I didn't get GoogleSky, which is probably a good thing because the name sounds so atrocious, in my humbled opinion, but I did find out that an encyclopedia software we've had for years now also carried numerous additional interactive features. Among these was a sky map, which, as you can probably infer from the name, maps the skies and the celestial bodies contained within it. Furthermore, it also had options to views the sky from different parts of the world and from different points in time. This is the starfield simulator I have long been looking for!
Great was my disappointement when I adjusted the starfield date and time to that of my birth, only to discover the sun in Taurus, approaching Gemini. I shrugged my shoulders and assumed it was an error on the part of the computer, considering the fact that simulations have limits too and I probably happened to push beyond it by giving a date twenty years back. I tried simulating the sky at the present year giving the same date and much was my chagrin to discover the same shit. I simply heaved a sigh back then and, assuming the zodiac was just a bit out of alignment, I'm probably Gemini.
This morning, I came upon another book on Astrology, one of my least-favored topics when it comes to the paranormal. Halfway through an hour of yawning and stifling yawns, I came across an interesting tidbit, "Celestial signs generally shift about one degree everyday." It sure did make sense, after all, I have been acquainted with the fact that the moon gets delayed about eight minutes everyday. "The celestial zodiac itself shifts by one degree every 72 years." Big deal, so the sky was not as static as we once thought. I think Galileo already proved that. "The earliest horoscopes were in existence as far back as 114 B.C."
Let's see, it's been 2000 years since some guy named Christ was born, the time indicated was at least a hundred years back. That gives at least 2100 years between today and the earliest definition of a horoscope. Dividing that figure by 70 years, for easier computation, and we come up with a deviation of at least 30 degrees. Fact: each house of the Zodiac occupies a 30-degree arc of the celestial sphere about the equator. In other words, the Zodiac back then has been moved up by one house! (and a fraction of it). Thus, it should have been nowhere near surprising to find my sun on Taurus, nearing the border between that and Gemini.
Then again, I could be very well wrong to believe a starfield simulator. What better way to verify such abberations than to look up at the sky at midnight? If all goes well, I should be seeing, directly above me, the constellation of Aquarius; the sun has been in Leo for quite some time now. Unfortunately, the hypothetical midnight anti-sun has just recently left Sagittarius and entered Capricorn. The sun is crossing the stars of Taurus only in the time defined for Gemini.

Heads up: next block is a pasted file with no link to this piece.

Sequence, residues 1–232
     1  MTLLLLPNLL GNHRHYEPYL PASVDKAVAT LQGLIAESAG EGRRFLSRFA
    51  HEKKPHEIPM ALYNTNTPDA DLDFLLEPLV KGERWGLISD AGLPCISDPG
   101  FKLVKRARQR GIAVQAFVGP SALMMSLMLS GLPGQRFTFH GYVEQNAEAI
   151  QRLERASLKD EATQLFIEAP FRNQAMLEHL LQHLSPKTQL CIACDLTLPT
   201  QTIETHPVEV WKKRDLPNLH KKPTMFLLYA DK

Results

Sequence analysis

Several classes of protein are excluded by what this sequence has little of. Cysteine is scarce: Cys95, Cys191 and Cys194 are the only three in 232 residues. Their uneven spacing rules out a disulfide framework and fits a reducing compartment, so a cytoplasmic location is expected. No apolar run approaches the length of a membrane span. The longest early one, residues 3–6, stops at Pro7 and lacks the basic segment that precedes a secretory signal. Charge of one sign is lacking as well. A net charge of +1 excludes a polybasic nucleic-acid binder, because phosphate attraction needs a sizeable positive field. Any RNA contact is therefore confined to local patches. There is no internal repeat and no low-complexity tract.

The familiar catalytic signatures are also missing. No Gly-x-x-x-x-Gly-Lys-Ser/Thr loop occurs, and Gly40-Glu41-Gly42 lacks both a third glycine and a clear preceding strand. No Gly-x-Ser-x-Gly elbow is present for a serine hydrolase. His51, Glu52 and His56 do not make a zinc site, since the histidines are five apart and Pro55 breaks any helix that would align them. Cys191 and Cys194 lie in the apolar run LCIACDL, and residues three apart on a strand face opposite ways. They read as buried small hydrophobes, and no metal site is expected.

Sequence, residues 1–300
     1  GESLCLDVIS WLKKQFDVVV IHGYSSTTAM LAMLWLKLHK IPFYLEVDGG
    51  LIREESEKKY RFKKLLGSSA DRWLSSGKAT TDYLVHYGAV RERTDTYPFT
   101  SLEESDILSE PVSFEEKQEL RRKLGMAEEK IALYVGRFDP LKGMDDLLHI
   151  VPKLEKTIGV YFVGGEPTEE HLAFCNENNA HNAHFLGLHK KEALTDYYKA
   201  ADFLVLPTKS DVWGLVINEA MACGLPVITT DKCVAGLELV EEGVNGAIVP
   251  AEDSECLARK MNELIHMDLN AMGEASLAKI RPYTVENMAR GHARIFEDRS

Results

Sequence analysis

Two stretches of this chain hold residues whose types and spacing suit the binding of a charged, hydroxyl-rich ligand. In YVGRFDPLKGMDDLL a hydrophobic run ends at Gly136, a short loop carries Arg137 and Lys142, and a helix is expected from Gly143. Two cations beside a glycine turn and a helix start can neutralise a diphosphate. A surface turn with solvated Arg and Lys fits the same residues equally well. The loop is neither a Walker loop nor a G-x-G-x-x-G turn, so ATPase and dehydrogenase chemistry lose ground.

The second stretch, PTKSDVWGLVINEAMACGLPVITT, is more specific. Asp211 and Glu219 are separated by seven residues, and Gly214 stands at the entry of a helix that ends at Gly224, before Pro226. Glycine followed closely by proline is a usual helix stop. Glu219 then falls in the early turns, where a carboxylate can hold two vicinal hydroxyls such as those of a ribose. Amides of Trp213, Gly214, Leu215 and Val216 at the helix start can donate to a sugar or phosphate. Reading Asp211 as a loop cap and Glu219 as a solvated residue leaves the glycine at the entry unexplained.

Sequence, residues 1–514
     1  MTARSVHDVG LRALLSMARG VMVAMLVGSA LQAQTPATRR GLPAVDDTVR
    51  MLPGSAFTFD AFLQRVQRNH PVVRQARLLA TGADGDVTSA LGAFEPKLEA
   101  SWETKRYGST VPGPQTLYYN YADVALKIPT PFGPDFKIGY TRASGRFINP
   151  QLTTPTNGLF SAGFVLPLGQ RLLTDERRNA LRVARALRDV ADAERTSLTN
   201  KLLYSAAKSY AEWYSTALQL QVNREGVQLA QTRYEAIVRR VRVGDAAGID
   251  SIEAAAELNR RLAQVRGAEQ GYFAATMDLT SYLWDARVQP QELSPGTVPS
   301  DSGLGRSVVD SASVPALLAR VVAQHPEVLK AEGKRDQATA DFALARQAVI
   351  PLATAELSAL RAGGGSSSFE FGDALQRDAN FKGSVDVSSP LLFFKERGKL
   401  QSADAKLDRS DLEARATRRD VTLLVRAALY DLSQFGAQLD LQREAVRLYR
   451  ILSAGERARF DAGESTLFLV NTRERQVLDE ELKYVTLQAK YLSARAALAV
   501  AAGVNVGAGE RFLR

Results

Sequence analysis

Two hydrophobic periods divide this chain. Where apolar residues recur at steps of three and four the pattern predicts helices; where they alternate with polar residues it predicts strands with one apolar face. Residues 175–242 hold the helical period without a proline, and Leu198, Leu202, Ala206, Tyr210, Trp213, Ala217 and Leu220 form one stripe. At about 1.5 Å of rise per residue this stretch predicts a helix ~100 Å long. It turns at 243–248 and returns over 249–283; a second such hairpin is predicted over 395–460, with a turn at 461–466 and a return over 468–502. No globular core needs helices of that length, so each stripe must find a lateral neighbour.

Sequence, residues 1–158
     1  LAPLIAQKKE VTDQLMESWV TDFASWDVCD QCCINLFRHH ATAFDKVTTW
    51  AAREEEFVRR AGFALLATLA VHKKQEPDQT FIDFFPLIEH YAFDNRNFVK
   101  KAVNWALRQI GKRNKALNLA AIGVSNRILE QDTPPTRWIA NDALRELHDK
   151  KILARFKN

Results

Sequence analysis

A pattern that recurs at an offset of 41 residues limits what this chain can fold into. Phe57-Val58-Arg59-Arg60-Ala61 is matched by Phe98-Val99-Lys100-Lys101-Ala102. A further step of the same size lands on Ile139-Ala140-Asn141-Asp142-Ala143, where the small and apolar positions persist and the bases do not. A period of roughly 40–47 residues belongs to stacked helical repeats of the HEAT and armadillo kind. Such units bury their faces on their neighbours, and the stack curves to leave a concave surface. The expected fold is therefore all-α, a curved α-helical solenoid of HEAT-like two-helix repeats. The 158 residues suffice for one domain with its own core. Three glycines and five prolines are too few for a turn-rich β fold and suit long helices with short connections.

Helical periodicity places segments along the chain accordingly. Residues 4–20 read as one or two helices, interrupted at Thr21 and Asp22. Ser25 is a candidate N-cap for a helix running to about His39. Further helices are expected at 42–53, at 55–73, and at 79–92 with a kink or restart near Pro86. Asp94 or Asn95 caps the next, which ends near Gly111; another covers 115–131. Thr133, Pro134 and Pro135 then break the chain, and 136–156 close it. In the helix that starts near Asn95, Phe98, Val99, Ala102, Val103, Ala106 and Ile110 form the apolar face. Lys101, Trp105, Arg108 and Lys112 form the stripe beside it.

Of course! It does makes sense. It is perfectly reasonable and does not really defy the law of physics in a most spectacular manner. What is surprising, though, is the fact that we are still using the aged system! We often hear from "expert" and "certified" astrologers especially during auspicious dates like the Gregorian and Oriental New Year. We are acquainted with fortunetellers diving the future of "Capricorn" or "Aquarius" with as much air of authority as the dirtiest gasbag in the government. We sometimes read our horoscopes saying, "Today is your lucky day!", "Your lucky numbers are..." and the worst "Your lucky color for the day/week/month is..." Do these guys actually look at the sky? Or do they simply use aged models that say, "Oh, by this date, the sign of Leo will probably be here and Aquarius, over there."
We've been fooled, ladies and gentlemen. I could only wonder now why nobody has ever called attention to this before? Seriously still, I am irked by the possible answer to the question, "Do these astrologers really look at the stars?" I was about to add "...or is the glitter of being paid or captured on TV just so overwhelming?" but that would simply be too much.
Oh well, at least I can shrug my shoulders in apathy now. My innate distrust of astrology has not been in vain.
Time given, time taken,
time present and time past,
time delayed and time stolen;
space collapsed really fast.